Underneath the bombast that has become a predictable part of Washington's court fights, the nomination Tuesday of Sonia Sotomayor to the Supreme Court brought a surprising development: Republican senators who actually will vote on her were not following the activists' script.


Rush Limbaugh called her a “reverse racist.” The conservative Judicial Confirmation Network said she carried a “personal political agenda” and should be blocked from the Supreme Court.

But underneath the bombast that has become a predictable part of Washington’s court fights, the nomination Tuesday of Sonia Sotomayor to the Supreme Court brought a surprising development: Republican senators who actually will vote on her were not following the activists’ script.

Instead, GOP senators seemed to be taking their cues from quieter voices within the party who cautioned that opposing the country’s first Hispanic Supreme Court nominee would amount to political suicide.

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Moreover, some party strategists are telling GOP senators that to attack Sotomayor is to waste an opportunity for Republicans to appear welcoming to Hispanic voters, many of whom have turned away from the GOP because of conservative support for tough immigration restrictions and a hard-line stance against legalizing undocumented workers.

“A lot of Republicans are worried that [fighting the Sotomayor nomination] could be the last straw when it comes to the party’s ability to reach the Hispanic community,” said Robert de Posada, a Hispanic GOP strategist who said he is advising Republican staff aides on the Senate Judiciary Committee. “Republicans are in a very awkward position.”

Lionel Sosa, a Texas-based Republican marketer who designed Hispanic outreach for Presidents Reagan and George W. Bush, said opposing Sotomayor “would be one more nail in the Republicans’ image coffin in terms of Latino voters.”

“When you’re anti the first Latina on the Supreme Court, you’re anti-my-family. … I would take it that these people are anti-Latino,” Sosa added. “The worst thing the Republicans can do is oppose her.”

The GOP’s Sotomayor challenge is the latest example of the party’s ongoing internal struggle over reinventing itself at a time that its voter base increasingly is dominated by Southern, conservative white men.

Only five years ago, Bush won re-election by performing unusually well among Hispanics for a Republican — winning more than 40 percent — and some Democrats were fretting over how they would respond if Bush were to nominate his longtime friend, Alberto Gonzales, to be the Supreme Court’s first Hispanic justice.

But conservatives blocked Bush’s efforts to provide a pathway to citizenship for millions of illegal immigrants, and the harsh rhetoric of that debate sent Hispanic voters fleeing the party. Fewer than one in every three Hispanics voted for the GOP’s presidential nominee last year, which is one reason that such closely contested states as Florida, Colorado and Nevada fell into the Democratic column.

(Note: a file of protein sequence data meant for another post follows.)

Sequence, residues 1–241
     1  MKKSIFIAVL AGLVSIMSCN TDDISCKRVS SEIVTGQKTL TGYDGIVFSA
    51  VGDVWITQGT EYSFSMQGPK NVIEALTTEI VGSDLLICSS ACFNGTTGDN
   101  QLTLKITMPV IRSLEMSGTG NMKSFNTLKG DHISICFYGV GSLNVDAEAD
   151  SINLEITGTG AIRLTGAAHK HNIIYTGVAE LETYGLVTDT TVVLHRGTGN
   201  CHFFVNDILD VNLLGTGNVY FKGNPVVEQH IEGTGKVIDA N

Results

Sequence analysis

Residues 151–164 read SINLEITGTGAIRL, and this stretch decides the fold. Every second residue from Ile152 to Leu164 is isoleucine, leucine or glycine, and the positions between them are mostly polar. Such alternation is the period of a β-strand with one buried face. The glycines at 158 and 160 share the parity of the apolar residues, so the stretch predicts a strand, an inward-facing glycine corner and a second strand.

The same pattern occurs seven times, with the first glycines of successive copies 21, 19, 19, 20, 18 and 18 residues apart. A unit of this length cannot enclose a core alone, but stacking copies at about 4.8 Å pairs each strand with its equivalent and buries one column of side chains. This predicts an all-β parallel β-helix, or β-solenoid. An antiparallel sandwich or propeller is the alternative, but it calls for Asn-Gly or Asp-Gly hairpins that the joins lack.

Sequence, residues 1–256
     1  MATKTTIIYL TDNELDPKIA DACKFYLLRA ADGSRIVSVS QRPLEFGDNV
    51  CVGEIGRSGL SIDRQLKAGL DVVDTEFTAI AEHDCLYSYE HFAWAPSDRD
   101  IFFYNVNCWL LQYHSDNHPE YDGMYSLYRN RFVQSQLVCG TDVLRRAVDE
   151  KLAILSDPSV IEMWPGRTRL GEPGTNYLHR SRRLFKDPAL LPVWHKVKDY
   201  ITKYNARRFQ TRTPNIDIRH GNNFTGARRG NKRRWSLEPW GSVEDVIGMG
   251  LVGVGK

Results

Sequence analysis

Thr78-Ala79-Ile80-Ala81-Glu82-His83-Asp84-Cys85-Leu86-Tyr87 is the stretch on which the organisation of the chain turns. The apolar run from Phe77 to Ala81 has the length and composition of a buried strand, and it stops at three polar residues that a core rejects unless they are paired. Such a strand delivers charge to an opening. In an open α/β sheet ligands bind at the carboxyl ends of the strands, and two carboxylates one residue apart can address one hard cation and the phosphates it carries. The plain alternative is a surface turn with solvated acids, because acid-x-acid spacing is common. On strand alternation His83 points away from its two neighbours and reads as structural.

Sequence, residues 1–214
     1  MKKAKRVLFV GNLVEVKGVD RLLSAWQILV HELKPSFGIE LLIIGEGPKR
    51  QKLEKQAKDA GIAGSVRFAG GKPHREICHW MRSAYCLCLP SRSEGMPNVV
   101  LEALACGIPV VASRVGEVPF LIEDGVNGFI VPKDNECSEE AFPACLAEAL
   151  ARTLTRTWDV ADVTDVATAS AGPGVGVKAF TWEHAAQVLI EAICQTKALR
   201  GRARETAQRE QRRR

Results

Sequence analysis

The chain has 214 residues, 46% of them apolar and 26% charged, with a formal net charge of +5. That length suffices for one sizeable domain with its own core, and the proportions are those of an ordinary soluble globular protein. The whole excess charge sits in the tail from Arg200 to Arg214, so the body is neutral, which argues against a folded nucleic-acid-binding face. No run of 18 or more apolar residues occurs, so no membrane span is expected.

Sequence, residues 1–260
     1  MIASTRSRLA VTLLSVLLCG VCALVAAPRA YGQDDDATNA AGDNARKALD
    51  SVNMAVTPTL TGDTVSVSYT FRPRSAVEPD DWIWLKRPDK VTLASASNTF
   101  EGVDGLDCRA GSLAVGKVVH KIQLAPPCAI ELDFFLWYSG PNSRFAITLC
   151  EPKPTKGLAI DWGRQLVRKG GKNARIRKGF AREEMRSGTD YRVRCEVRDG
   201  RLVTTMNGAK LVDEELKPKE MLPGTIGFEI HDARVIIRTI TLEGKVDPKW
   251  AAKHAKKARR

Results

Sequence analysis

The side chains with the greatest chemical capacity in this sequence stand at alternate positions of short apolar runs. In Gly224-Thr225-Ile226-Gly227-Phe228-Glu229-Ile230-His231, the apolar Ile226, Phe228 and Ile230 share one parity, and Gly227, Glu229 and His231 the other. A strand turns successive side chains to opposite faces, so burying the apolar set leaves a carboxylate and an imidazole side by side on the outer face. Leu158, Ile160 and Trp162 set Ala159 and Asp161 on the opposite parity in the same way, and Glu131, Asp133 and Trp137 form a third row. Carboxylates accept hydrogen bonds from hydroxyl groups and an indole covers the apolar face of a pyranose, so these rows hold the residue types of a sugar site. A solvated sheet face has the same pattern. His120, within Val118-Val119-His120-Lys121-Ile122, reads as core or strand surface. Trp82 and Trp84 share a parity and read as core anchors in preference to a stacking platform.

Democrats seized on the nomination’s potential political benefits. The national party distributed an announcement in Spanish. And President Obama, in his formal White House announcement and in a similar e-mail to voters, noted Sotomayor’s Puerto Rican roots.

Obama said she had shown “it doesn’t matter where you come from, what you look like or what challenges life throws your way — no dream is beyond reach in the United States of America.”

The dispute within the Republican Party over how to approach the nomination broke out almost instantly, and not everybody was willing to concede the pick was a guaranteed positive development for the White House.

Conservative advocacy groups argued the nomination could open an emotional battle over questions of race and affirmative action, citing Sotomayor’s recent appellate-court ruling against a white firefighter claiming racial discrimination in hiring and promotions.

Conservative activists also see a Supreme Court fight as a rare rallying point in their quest to force the GOP to the right on social issues such as abortion and gay marriage. And nomination battles give those groups an opportunity to rev up their fundraising engines.

Limbaugh, the conservative radio commentator, sought to fan those flames Tuesday, citing a 2002 quote by Sotomayor in which she said her experiences as a Hispanic woman might guide her to more thoughtful decisions than a white man who had not lived the same life.

“If that’s not a racist statement,” Limbaugh said, “I don’t know what is. Reverse racist or whatever.”

But the words coming from GOP senators struck a sharp contrast.

Sen. John Cornyn, R-Texas, a Judiciary Committee member who also heads the GOP’s Senate campaign committee, said Sotomayor offers a “compelling American success story and something that we can all admire and respect about our country.”

Cornyn and other Republican senators stepped carefully as they promised an aggressive — but respectful — confirmation process.

“While I celebrate Sonia Sotomayor’s life story,” said Sen. Sam Brownback, R-Kan., “I am troubled by some of her statements. She deserves a fair and respectful hearing.”

Some GOP strategists and officials said they believed a full-blown confirmation battle could bolster Democratic efforts to paint Republicans as obstructionist — the “Party of No.”

But by voting for the first Hispanic justice, some Republicans said, the party could create opportunity from the Sotomayor nomination. If the administration does not act this year on a legalization program for illegal immigrants, Republicans could make the case to Hispanics that Democrats failed to deliver on their priorities.